• People with a positive result who are symptomatic of bowel cancer, clinicians are to assess and examine patients as clinically indicated and advise on the referral form.

  • People who turned 75 while the National Bowel Screening Programme was on hold will be offered an opportunity to participate in screening, even though they are now over the cut off age.


National Cervical Screening Programme

Cervical screening in primary care 

  • Routine cervical screening has resumed.

  • The backlog of people who were not screened during the COVID lockdown needs to be managed by each health provider.

  • In the first instance, health providers should prioritise annual surveillance rescreens, overdue screens, and priority populations.

  • Screening support services can assist with engaging priority populations.

  • Providers should continue to triage/assess patients with symptoms of abnormal bleeding.


Change to the follow-up pathway after treatment at colposcopy

Prior to COVID-19, women were seen 6 months after treatment for HSIL for a colposcopy and cytology test, and then had a ‘test of cure’ (cytology and HPV test) in primary care at 12 and 24 months post-treatment.  From April 2020 the following changes apply:

  • Most people treated for HSIL will be discharged to primary care for a ‘test of cure’ at 6 and 18 months after treatment (rather than at 12 and 24 months).
  • Some people will still be followed up at colposcopy post-treatment if there are clinical concerns about discharge to primary care.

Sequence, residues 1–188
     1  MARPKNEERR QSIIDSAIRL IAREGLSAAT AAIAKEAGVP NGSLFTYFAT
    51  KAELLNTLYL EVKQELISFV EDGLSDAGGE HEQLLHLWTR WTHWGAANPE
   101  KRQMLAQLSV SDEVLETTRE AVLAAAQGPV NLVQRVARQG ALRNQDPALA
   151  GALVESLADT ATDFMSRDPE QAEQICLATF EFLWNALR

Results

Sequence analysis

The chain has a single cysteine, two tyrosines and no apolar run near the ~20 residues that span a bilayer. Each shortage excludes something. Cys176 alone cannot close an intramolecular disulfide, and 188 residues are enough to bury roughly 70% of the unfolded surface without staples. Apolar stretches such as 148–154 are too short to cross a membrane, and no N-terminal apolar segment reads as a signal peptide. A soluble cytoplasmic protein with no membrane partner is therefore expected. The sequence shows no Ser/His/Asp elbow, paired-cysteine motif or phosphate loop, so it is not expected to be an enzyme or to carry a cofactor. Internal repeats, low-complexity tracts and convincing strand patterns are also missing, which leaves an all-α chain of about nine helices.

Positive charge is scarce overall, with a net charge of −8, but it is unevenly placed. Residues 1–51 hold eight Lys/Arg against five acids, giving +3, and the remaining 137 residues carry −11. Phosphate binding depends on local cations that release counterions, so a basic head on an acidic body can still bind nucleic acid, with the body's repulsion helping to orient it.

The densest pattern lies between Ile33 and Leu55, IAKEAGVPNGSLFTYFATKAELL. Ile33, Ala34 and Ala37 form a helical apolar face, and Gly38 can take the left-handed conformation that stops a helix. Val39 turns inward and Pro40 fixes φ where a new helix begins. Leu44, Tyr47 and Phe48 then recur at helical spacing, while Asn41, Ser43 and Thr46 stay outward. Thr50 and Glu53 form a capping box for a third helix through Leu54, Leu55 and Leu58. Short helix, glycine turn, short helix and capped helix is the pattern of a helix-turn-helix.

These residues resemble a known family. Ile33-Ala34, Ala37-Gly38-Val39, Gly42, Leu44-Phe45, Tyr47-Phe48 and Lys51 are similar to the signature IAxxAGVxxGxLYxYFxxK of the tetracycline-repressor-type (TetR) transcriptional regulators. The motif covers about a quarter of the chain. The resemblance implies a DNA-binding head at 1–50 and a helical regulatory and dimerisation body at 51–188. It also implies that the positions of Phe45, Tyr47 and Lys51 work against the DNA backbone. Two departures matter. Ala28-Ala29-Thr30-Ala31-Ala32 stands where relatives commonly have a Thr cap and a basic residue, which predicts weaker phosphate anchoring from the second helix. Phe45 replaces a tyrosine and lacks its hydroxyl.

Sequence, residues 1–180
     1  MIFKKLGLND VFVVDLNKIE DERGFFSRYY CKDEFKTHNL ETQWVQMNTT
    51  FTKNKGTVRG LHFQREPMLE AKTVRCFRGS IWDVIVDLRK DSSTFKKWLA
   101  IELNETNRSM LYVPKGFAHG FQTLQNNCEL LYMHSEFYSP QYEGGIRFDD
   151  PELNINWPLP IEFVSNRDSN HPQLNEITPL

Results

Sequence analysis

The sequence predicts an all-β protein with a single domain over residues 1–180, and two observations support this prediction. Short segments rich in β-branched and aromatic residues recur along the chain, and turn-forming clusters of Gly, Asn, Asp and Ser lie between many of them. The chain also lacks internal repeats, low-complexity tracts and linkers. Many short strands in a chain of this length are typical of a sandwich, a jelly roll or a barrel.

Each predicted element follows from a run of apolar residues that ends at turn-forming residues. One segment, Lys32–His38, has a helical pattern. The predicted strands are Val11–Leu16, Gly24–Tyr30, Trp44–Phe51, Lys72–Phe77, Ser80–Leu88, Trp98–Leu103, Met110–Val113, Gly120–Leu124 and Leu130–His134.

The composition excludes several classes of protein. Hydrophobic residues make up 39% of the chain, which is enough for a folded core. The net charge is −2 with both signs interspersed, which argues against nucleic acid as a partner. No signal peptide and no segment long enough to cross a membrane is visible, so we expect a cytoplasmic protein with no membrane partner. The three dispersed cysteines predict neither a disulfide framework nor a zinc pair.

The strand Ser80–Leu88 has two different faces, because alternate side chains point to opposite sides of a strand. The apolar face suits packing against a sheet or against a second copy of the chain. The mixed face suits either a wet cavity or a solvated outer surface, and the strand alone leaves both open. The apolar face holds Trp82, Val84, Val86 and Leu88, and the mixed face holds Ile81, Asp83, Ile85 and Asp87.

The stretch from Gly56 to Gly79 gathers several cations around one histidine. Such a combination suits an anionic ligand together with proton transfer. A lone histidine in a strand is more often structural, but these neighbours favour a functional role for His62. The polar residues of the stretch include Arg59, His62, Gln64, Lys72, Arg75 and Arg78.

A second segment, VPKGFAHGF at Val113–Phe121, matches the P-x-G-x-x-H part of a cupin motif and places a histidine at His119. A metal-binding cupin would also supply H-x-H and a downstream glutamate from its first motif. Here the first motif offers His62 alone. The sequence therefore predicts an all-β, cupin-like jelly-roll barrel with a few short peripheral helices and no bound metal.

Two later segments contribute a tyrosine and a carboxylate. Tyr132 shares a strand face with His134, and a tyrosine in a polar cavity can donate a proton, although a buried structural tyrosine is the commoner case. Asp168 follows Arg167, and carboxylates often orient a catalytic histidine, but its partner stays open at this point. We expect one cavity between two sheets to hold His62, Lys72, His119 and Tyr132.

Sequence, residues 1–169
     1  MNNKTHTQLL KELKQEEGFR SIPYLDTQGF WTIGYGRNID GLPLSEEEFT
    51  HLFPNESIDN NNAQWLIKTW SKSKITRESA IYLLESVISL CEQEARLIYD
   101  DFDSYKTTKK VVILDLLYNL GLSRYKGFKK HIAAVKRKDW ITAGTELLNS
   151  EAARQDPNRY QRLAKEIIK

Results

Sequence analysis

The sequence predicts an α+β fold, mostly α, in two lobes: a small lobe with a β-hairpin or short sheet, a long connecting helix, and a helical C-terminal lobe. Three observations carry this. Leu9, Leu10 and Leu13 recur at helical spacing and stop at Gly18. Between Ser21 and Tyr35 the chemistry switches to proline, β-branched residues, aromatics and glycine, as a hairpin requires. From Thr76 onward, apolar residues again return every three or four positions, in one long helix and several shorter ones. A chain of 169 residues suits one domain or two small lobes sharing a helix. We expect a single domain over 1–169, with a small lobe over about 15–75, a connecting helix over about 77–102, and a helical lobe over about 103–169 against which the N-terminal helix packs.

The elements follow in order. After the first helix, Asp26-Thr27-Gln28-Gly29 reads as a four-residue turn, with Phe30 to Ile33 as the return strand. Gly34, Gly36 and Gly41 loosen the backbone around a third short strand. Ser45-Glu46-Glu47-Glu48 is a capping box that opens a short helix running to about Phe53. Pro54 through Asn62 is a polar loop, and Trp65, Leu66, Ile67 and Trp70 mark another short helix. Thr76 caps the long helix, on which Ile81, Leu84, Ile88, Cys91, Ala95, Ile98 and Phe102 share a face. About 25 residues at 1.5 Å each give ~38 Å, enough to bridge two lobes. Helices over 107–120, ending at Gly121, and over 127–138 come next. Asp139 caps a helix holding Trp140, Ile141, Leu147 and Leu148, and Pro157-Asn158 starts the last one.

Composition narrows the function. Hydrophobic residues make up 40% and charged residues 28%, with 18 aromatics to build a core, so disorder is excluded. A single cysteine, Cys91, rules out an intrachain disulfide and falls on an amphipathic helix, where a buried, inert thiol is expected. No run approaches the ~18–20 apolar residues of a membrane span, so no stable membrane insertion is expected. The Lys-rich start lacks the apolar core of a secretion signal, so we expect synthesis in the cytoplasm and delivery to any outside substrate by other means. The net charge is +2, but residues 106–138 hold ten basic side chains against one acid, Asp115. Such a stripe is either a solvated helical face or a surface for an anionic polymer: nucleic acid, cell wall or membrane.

This change has already been introduced. Health providers will be advised by colposcopy services if this change affects any of their patients.

The change has been fast-tracked because of COVID-19 and will  reduce non-essential attendance at colposcopy appointments.

There is good evidence that compared to a colposcopy and cervical screening test at 6 months, cervical screening together with an HPV test is much better at identifying the effectiveness of treatment and avoids an unnecessary colposcopy. Other countries, including the UK, Ireland and Australia have already introduced this change to their patient care pathways.

The NCSP Register is fully informed of this change and will accept HPV testing carried out as part of a ‘test of cure’ from 6 months post-treatment.


Prioritisation guidance for colposcopy

DHB colposcopy clinics operate within the DHB hospital COVID alert system, which is different to Government COVID-19 Alert Levels.

  • Priority is given to women who need to be seen urgently.
  • Delays in seeing women with a low-grade result may be tolerated if workloads prove to be difficult to manage. The NCSP has extended the timeframe for seeing women with low-grade results at colposcopy (up to 12 months instead of the usual 6 months



All programme changes listed above will be reviewed regularly.

In the meantime, the NSU will publish advice for participants on the 'Time to Screen' website

If you have any questions about the changes outlined above please email


Page last updated: 14 May 2020